By Ayaka Hasegawa, '19

Melisa Quiroga-Herrera, ’18, was driving up a winding dirt road to Pasorapa, Bolivia on a cold day. The area is known for the prevalence of Chagas disease, which is caused by tropical parasites, and Quiroga-Herrera was there to participate in a health clinic examining the government’s prevention programs for the disease and helping with screening trials to diagnosis patients.

For Quiroga-Herrera, Pasorapa actually wasn’t just any rural town. It was where her grandmother had lived. This one-time visit also allowed her to reconnect with her grandmother who had passed away from an infectious disease. Quiroga-Herrera attributed her initial interest in science to her grandmother.

Quiroga-Herrera’s experience in Pasorapa was a part of an internship with Hospital Universitario Hernandez Vera, a social service hospital in Bolivia. She spent two months working with the obstetrics and gynecology (OB/GYN) department and the National Tuberculosis Treatment Program. A Burhans Civic Fellowship supported her experience.

In the OB/GYN department, Quiroga-Herrera served as a scribe for the doctors, writing the prenatal signs and other information about pregnant mothers. She sometimes measured their stomachs, found the baby’s heart rate, and felt its position. For the National Tuberculosis Treatment Program, Quiroga-Herrera conducted research on tuberculosis treatment and health care reform. She traveled to a nearby low-income community and interviewed the underserved population — including women, children, and indigenous people — about their experience and the general efficacy of the health care reform passed by Bolivia’s president. She discovered that many felt that there was improved treatment for the children but not for adults.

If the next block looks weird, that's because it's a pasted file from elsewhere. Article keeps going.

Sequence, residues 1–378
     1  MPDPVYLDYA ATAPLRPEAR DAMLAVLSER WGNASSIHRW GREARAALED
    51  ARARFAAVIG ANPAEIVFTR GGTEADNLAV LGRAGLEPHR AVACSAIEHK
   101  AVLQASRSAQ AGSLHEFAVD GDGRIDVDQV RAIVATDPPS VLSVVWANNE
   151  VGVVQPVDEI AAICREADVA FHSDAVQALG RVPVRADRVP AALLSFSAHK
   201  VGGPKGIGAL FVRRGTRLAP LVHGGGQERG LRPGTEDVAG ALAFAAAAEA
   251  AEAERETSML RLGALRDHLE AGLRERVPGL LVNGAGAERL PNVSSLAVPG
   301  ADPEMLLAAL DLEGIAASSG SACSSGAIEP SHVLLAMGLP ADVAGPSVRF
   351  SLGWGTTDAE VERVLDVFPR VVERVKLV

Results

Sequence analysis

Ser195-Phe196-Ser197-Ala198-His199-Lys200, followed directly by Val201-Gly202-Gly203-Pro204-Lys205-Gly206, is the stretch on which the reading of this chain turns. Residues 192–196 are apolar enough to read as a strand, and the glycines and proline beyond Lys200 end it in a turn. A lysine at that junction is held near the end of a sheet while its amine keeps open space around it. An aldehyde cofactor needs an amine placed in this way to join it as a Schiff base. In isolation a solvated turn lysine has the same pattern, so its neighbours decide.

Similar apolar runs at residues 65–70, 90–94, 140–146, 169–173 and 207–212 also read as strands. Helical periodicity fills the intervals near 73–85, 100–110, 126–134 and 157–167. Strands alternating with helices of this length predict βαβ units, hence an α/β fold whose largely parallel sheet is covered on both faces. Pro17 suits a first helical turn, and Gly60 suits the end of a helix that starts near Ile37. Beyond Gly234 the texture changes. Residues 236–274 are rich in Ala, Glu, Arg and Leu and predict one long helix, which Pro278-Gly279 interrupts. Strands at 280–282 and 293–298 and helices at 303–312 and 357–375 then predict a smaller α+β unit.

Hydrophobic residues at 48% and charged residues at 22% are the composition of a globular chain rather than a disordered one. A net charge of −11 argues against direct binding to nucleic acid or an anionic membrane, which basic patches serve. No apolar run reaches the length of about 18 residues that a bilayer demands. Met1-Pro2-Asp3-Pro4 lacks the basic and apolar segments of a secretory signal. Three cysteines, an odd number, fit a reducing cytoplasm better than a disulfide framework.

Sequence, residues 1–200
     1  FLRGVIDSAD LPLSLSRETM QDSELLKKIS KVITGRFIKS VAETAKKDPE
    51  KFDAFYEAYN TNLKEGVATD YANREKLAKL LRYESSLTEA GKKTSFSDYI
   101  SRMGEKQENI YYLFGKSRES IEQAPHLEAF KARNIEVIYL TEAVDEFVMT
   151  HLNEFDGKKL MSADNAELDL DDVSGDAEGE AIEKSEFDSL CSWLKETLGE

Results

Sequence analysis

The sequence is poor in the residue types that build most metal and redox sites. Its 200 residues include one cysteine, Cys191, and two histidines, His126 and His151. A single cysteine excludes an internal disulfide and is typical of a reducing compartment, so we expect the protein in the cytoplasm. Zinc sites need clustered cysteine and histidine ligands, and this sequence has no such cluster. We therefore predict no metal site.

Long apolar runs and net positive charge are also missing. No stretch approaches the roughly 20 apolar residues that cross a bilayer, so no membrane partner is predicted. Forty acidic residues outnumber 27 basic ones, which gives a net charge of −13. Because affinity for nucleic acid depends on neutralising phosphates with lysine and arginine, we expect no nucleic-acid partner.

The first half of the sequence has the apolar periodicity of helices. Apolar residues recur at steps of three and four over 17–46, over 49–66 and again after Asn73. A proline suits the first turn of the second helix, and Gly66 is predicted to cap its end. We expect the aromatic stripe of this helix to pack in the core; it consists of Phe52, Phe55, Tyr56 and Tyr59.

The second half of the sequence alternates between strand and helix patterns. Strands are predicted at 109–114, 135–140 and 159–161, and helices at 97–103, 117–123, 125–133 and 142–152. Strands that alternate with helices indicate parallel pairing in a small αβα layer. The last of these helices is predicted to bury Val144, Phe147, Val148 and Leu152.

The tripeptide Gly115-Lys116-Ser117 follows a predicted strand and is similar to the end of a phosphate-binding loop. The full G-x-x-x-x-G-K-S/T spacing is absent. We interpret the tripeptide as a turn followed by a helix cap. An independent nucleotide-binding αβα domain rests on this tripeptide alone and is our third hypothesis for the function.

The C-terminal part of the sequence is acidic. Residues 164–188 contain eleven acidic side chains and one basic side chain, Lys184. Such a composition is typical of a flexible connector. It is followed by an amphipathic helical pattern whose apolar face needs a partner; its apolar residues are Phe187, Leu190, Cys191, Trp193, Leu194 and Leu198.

The blend of clinical care and health policy development aligned with Quiroga-Herrera’s majors in healthcare studies and leadership studies — both fields she didn’t expect to study when she first came to Richmond. Biology was her intended major. She participated in the University of Richmond Integrated Science Experience (URISE) the summer before her freshman year, which further sparked an interest in hard science and research, particularly around infectious diseases.

Quiroga-Herrera pursued those interests through research with biology professor Kristine Grayson. She studied the effect of sub and supra optimal temperatures in Southeastern Asian front with gypsy moth. While the research was more environmental in focus, Quiroga-Herrera sees a link between environmental science and health care.

She also believes in scientific research as a force for change. Still, that summer in Bolivia revealed that her interests extended beyond the lab.

“My internship in both urban and rural settings in Bolivia was the defining factor in my decision to pursue a healthcare studies major,” Quiroga-Herrera reflected. “Through interactions with disenfranchised communities and health professionals, I was able to experience firsthand the effect leaders have on the citizenship of a person. This provided me with a different approach to my studies that incited my interest in the connections between health care and leadership.”

Quiroga-Herrera is also a part of the Science Leadership Scholars Program offered through the Jepson School. By discussing reading assignments and attending lectures, she saw clear connections between her majors — and began contemplating her future.

Quiroga-Herrera is considering becoming a field worker in developing countries upon graduation. “I’m interested in pursuing a master of public health degree,” she said. “I could connect my health care and leadership majors to assess the role of public health in the nation-building processes of Latin America.”